Fleet Maintenance magazine

C-Belt system finds defects in seatbelts

Elbit Vision Systems Ltd., a global provider of complete vision solutions for surface inspection and real-time quality monitoring, announced the launch of their latest automotive safety centered product C-Belt, an innovative, new narrow safety belt inspection system.

Continuing its mission to drive innovation through vision, EVS designed C-Belt specifically for the narrow belt market which includes automotive seatbelts, safety harnessing for fire & rescue, safety tie downs for transportation, and other quality driven safety belts.  

C-Belt brings a unique solution for detecting, identifying and labeling common defects on both sides of the belt created during the manufacturing processes. The full color, inspection solution works in complete harmony with their online Optimization & Cut control system to automatically stop, verify and flag all defective products ensuring only first quality web, makes it into the safety belt market.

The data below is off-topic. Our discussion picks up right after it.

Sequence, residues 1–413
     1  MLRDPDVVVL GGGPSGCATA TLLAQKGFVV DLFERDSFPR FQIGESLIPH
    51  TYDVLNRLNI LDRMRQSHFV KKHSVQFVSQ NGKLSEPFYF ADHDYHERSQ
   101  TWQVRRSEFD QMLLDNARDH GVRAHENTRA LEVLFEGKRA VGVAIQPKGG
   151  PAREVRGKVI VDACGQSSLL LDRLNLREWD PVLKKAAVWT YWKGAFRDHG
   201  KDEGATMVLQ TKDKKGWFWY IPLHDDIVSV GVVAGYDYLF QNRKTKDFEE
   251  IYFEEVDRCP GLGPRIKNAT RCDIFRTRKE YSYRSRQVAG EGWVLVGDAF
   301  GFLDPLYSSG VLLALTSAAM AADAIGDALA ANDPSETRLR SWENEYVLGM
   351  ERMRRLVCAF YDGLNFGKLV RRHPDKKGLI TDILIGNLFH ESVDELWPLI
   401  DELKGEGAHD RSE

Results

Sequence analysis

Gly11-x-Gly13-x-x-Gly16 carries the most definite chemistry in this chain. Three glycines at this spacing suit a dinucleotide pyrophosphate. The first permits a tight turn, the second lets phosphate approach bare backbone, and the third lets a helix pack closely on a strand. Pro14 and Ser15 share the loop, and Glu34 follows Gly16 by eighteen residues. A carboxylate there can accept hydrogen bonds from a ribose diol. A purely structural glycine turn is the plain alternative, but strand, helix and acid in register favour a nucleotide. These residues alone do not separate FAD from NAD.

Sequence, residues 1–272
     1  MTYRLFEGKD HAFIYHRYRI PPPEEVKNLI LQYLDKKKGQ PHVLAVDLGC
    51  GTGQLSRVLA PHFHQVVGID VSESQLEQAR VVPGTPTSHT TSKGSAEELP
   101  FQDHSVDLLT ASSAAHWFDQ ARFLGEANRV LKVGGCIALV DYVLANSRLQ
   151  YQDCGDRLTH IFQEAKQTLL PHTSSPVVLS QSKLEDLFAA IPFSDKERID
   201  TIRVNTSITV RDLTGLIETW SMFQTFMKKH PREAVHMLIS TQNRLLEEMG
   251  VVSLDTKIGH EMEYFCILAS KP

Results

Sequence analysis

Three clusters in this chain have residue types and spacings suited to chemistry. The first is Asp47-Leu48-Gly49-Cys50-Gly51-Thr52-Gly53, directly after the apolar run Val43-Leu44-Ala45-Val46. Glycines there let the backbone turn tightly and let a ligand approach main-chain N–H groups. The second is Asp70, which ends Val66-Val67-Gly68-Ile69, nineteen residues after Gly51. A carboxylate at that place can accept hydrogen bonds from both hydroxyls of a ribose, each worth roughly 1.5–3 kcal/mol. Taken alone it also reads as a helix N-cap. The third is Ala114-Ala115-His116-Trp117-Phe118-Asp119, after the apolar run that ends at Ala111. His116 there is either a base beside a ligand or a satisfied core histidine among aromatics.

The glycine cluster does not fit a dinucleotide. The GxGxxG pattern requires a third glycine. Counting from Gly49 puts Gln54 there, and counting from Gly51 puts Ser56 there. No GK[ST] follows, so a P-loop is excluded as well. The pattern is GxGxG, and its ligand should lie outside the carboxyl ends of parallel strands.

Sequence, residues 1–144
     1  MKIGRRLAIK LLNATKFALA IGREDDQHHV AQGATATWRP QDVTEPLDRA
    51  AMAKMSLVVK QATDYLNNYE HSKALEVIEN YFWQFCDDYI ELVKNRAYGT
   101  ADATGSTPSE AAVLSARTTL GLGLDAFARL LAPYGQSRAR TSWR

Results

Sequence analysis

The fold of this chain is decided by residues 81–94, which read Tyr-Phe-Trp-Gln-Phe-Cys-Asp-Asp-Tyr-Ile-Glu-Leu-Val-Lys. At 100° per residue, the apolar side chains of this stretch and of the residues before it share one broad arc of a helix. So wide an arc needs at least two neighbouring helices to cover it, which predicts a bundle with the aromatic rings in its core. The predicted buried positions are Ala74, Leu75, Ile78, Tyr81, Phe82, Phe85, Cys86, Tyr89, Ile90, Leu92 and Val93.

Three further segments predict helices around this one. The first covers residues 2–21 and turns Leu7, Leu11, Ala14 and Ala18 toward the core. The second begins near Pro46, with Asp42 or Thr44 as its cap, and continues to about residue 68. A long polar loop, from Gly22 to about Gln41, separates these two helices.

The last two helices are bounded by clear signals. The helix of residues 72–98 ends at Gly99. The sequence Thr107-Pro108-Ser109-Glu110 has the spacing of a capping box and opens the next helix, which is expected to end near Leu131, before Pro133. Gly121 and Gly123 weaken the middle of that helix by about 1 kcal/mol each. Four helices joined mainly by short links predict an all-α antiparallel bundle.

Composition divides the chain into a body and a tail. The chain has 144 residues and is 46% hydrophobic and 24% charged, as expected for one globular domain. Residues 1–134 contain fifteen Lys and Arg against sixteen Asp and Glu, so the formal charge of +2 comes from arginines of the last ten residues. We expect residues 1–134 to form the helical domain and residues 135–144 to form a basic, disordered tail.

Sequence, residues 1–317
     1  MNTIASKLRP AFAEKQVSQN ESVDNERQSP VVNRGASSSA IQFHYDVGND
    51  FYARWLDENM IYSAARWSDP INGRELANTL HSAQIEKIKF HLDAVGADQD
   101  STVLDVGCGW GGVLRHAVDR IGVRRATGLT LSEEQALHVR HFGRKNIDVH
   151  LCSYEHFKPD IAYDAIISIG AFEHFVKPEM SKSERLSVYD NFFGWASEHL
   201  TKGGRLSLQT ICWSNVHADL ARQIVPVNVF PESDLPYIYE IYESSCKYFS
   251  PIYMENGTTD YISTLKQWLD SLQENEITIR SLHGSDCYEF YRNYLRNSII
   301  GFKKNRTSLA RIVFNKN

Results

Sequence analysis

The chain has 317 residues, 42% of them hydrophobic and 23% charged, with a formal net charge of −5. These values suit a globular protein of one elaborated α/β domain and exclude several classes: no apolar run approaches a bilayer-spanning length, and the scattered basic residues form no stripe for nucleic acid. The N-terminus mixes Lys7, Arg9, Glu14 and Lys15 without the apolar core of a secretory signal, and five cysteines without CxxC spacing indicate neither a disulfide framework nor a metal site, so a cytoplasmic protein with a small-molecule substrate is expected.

C-Belt's unique multi-angle viewing lines were designed to detect all visible defects including: ends out, broken picks, misspicks, loopy selvage, loose filament, spots, stains, holes, mono-tails slubs, bulges, dip-ins and knots.

C-Belt enables manufacturers to detect and identify defects during production at high speeds without manual, human inspection, lowering costs and increase yields. The process of making one of the most common life saving fabrics in the world has become simpler and more efficient with this new system.

"We are extremely proud to provide this amazing tool to verify the quality of such a vital product to everyone's safety," stated Sam Cohen, CEO. "We have already installed the first system in some of the world's largest manufacturers of safety belts, and we are currently in negotiation with many other manufacturers who would like to adopt our solution to install in their production process. We believe that in the future, the C-Belt's solution will revolutionize the way safety belts are produced and inspected around the world," Mr. Cohen continued.

Loading